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Analysis: Blood test: Hemoglobin {Process} 8 Steps of the Blood test

Hemoglobin is the protein in red blood cells. Its analysis and quantification by blood tests may be useful in better understanding the health status of some patients.

Hemoglobin fixes oxygen carries it into the bloodstream and delivers it to the body’s cells to ensure their proper functioning. It contains iron and gives the blood its red color.

What does the doctor analyze?

The hemoglobin level allows us to assess a possible change in the number of red blood cells and, as a result, the oxygenation capacity of the tissues. This value can be used to diagnose a condition of red blood cells: anemia or, conversely, polycythemia.

A specific examination, electrophoresis of hemoglobin, can detect hereditary malformations of hemoglobin – sickle cell disease and thalassemias – that cause chronic anemia.

How do they prepare?

The examination is prescribed by a doctor during a consultation or in the hospital. This can be done on an even day or not.

It is essential to verify that the medical analysis laboratory can perform this examination by calling beforehand. When you go to your appointment, bring your prescription order, social security cards, and mutual insurance.

 What is the test?

Measuring hemoglobin requires the removal of a blood tube after setting up a tourniquet. The amount of blood required for this examination is very small and it is possible for toddlers to use a few drops of blood collected at the heel.

On average, results are available within 24 hours of sampling.

What are the possible complications?

After the sample, press the puncture point for a few minutes, avoiding bending the elbow to limit the risk of hematoma. But even when they exist, these puncture-point hematomas are perfectly benign and resolve within a few days.

So, what next?

You can feed yourself as soon as you leave the lab and resume normal activity, even if you feel that the number of tubes taken was important. Each tube contains only about 5ml of blood.

The test results are delivered within days of the completion of the exam in the form of a letter. It is necessary to inform the prescribing physician of these results because he alone is in a way to decide on a possible treatment or the completion of further examinations.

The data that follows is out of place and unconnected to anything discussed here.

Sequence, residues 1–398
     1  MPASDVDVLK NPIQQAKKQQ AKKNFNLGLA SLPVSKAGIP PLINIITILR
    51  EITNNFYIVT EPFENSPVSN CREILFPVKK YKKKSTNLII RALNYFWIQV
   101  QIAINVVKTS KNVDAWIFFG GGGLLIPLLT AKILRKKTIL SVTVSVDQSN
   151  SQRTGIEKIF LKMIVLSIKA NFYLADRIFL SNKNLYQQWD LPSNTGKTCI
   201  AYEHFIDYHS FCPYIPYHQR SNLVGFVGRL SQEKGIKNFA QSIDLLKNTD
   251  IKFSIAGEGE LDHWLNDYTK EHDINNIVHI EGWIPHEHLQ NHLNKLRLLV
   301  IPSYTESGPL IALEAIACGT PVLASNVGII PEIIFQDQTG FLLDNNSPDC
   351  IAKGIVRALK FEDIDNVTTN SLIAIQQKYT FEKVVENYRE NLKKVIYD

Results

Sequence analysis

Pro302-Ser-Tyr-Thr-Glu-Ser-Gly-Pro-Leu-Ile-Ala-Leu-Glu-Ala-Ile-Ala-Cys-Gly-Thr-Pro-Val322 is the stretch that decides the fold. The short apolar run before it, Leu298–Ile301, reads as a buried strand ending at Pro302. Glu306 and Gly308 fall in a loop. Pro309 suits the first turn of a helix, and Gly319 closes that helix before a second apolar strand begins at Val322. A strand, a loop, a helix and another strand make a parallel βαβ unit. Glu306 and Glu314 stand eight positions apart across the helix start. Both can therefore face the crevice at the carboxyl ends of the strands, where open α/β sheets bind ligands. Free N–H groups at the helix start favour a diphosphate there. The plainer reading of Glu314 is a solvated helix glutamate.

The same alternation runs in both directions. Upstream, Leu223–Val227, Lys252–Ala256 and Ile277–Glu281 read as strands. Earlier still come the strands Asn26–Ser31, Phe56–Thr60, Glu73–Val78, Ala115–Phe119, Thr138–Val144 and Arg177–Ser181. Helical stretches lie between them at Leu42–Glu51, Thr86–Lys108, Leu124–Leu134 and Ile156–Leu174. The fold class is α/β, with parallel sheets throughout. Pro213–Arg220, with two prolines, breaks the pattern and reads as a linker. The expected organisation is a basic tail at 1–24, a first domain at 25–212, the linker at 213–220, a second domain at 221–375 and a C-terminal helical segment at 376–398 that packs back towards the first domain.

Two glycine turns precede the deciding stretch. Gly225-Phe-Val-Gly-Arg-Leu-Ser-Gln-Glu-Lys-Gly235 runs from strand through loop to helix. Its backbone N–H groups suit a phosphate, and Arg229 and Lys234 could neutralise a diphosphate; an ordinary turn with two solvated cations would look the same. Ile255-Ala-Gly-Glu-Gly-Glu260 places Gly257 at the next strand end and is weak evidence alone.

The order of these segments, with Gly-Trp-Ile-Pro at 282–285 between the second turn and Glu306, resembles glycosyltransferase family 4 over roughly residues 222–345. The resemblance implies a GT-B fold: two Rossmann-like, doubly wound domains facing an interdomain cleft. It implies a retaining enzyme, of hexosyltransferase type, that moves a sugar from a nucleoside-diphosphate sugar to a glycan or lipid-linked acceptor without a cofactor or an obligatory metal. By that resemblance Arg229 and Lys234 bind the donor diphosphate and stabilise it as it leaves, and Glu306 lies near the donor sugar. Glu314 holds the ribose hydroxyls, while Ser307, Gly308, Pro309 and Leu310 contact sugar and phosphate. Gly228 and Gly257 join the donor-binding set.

Even if a result appears to be normal, your doctor should be informed.

How would be the result?

The normal values ​​for hemoglobin, in g / dL, are as follows,

Women: 12 – 16 g / dl (about 7.5 – 9.9 mmol / l)
Men: 13.5 – 17.5 g / dl (about 8.4 – 10.9 mmol / l)

What are the causes for too high level of hemoglobin?

If the patient has too many red blood cells in the blood ( Polyglobulie /erythrocytosis), this is shown by an increased Hb-value. A build-up of red and white blood cells and platelets also leads to a value above the norm. Too high a hemoglobin value occurs in people who have stayed at high altitudes for a long time. Sometimes an increased hemoglobin level can also be observed in smokers. Dehydration can lead to elevated values.

What are the consequences of lowering hemoglobin?

Anemia occurs when hemoglobin levels are less than 14 g/dL in newborns, 12 g/dL in women or children. Anemia results in a decrease in the oxygenation capacity of the cells and possibly, depending on its degree, causing paleness, shortness of breath, or even chest pain.

There are different types of anemias that are classified according to the size of red blood cells (micro or macrocytic) and the presence or not of reticulocytes that are the precursors of red blood cells.

The main causes of anemia are deficiencies (iron, folate or vitamin B12), excess destruction of red blood cells (hemolysis) and bone marrow diseases that produce red blood cells (medullary deficiency).

Hemoglobin in urine

Hemoglobin can also be detected in the urine when red blood cells “die” en masse in the body. The hemoglobin can then no longer be properly broken down and utilized by the organism and is excreted by the kidneys with the urine.

The urine then turns dark red. This process, called hemoglobinuria, can occur in rare autoimmune diseases, malaria, certain forms of anemia, and transfusion errors. It is not to be confused with blood in the urine (hematuria), whereby red blood cells and other blood components are detected in the urine.

The Hb value is subject to fluctuations in every person. Time of day, body position, laboratory method and how blood is taken influence the value. In addition, the blood laboratories issue different reference ranges for the Hb value, sometimes in different units of measurement. All these factors will be taken into account by the doctor when interpreting the hemoglobin value and further diagnosis.

Source: Health Analysis- sante.lefigaro.fr

Reference: WHO: Handbook: The clinical use of blood, Geneva, 2002; Institute for Transfusion Medicine, University of Leipzig: http://blutbank.uniklinikum-leipzig.de/, retrieved September 2015

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